Age at first marriage in Malawi: a Bayesian multilevel analysis using a discrete time-to-event model
The paper presents a hierarchical discrete time survival model for the analysis of the 2000 Malawi Demographic and Health Survey data to assess the determinants of transition to marriage among women in Malawi. The model explicitly accounts for the unobserved heterogeneity by using family and community random effects with cross-level correlation structure. A nonparametric technique is used to model the base-line discrete hazard dynamically. Parameters of the model are computed by using a Markov chain Monte Carlo algorithm. The results show that rising age at marriage is a combination of birth cohort and education effects, depends considerably on the family and to some extent on the community in which a woman resides and the correlation between family and community random effects is negative. These results confirm a downward trend in teenage marriage and that raising women's education levels in sub-Saharan Africa has the beneficial effect of increasing age at marriage, and by implication reducing total fertility rates. The negative correlation between family and community random effects has policy implications in that targeting communities with an intervention to increase age at first marriage may not necessarily yield reduced fertility levels in individual families. A campaign that is geared towards individual families would achieve the desired goals. Overall, the findings point to the need for the Government in Malawi to enact public policies which are geared at vastly improving women's education at higher levels. The variation in marriage rates over families poses problems in delivering the policy, since particular policies must be devised for specific groups of families to accomplish the required social and health objectives. Copyright 2005 Royal Statistical Society.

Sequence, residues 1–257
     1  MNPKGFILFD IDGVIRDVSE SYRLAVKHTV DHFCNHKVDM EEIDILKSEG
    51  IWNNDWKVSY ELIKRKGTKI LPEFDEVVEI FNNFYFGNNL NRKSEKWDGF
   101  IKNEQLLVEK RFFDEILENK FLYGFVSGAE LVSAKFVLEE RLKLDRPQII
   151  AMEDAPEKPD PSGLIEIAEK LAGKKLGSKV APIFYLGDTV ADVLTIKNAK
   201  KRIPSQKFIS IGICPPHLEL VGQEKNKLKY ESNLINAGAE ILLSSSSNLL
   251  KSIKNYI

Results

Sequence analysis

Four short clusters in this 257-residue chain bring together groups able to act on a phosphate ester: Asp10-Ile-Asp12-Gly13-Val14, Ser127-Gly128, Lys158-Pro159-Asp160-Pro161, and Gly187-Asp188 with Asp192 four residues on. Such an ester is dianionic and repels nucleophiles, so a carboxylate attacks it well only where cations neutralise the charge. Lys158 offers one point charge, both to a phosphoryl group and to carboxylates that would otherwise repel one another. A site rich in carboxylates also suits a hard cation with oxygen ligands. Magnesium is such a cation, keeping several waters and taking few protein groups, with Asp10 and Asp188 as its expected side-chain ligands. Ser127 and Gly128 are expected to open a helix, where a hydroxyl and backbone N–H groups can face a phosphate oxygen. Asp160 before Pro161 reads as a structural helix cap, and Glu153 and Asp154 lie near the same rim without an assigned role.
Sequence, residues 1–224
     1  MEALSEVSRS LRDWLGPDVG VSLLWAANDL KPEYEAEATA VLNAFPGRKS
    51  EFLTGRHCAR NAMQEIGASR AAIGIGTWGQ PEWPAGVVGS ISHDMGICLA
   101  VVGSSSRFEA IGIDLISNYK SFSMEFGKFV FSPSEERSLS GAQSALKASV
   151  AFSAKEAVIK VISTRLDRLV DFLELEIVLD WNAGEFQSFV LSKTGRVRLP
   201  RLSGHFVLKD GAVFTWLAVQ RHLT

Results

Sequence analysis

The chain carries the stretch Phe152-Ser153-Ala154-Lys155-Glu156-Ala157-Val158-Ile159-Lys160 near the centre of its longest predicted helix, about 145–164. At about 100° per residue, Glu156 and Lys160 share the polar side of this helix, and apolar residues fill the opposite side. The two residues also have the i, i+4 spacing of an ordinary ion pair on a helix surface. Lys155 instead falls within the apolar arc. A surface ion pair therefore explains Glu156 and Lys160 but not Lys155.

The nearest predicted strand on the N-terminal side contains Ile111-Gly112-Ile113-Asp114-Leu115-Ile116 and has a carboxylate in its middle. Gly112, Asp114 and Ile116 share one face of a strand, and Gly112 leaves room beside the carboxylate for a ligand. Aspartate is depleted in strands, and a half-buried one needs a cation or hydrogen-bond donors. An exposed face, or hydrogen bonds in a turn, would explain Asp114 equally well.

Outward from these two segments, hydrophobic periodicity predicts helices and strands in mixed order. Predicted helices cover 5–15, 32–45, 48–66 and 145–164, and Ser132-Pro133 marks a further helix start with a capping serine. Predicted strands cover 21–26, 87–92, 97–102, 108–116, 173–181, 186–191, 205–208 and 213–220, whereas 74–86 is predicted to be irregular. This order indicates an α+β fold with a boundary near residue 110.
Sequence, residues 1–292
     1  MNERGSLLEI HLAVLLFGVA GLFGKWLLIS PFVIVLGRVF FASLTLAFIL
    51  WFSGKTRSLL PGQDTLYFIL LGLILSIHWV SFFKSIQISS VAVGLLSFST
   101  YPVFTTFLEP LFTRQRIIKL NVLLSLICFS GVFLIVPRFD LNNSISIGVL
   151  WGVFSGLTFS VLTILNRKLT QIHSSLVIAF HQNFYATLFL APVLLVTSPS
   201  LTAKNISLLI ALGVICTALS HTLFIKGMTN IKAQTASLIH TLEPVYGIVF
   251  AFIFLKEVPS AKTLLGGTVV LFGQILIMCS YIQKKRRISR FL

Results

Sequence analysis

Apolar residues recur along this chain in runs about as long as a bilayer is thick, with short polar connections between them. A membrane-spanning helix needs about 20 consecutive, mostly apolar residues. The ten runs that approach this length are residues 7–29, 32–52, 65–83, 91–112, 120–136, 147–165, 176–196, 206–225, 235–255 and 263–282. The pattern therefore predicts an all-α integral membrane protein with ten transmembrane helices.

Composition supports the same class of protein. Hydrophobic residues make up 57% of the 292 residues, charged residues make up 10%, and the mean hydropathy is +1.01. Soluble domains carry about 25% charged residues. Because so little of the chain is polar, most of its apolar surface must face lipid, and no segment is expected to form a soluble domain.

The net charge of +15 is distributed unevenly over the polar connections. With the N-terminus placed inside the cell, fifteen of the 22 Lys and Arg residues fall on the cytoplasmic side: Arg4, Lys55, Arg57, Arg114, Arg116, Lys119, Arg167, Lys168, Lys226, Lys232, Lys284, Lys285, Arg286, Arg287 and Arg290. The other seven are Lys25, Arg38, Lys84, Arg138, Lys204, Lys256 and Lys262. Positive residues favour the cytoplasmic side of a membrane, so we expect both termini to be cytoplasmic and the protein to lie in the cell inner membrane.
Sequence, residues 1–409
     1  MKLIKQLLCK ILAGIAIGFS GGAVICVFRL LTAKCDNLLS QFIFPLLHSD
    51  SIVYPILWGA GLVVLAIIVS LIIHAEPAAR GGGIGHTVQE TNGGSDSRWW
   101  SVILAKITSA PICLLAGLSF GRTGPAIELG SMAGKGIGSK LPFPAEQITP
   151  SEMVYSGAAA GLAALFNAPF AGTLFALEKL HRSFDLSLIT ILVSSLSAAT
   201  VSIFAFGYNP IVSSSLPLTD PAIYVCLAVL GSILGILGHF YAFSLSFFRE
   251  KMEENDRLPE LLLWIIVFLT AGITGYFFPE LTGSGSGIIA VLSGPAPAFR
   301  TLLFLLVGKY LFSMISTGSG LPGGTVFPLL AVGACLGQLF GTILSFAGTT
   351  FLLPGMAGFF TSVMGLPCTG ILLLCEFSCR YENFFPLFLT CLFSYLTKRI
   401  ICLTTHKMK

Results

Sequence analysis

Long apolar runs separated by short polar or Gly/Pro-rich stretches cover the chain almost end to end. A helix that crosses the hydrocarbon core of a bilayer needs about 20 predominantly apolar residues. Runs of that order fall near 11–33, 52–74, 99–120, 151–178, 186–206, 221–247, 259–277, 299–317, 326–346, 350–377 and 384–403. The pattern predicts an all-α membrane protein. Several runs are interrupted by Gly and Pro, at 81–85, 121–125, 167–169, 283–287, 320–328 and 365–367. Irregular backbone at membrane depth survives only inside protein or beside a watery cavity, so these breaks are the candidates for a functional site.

If you experience problems downloading a file, check if you have the proper application to view it first. In case of further problems read the IDEAS help page. Note that these files are not on the IDEAS site. Please be patient as the files may be large.
As the access to this document is restricted, you may want to look for a different version under "Related research" (further below) or search for a different version of it.
Volume (Year): 168 (2005)
Issue (Month): 2 ()
|Contact details of provider:|| Postal: 12 Errol Street, London EC1Y 8LX, United Kingdom|
Web page: http://wileyonlinelibrary.com/journal/rssa
More information through EDIRC
|Order Information:||Web: http://ordering.onlinelibrary.wiley.com/subs.asp?ref=1467-985X&doi=10.1111/(ISSN)1467-985X|
When requesting a correction, please mention this item's handle: RePEc:bla:jorssa:v:168:y:2005:i:2:p:439-455. See general information about how to correct material in RePEc.
For technical questions regarding this item, or to correct its authors, title, abstract, bibliographic or download information, contact: (Wiley-Blackwell Digital Licensing)or (Christopher F. Baum)
If you have authored this item and are not yet registered with RePEc, we encourage you to do it here. This allows to link your profile to this item. It also allows you to accept potential citations to this item that we are uncertain about.
If references are entirely missing, you can add them using this form.
If the full references list an item that is present in RePEc, but the system did not link to it, you can help with this form.
If you know of missing items citing this one, you can help us creating those links by adding the relevant references in the same way as above, for each refering item. If you are a registered author of this item, you may also want to check the "citations" tab in your profile, as there may be some citations waiting for confirmation.
Please note that corrections may take a couple of weeks to filter through the various RePEc services.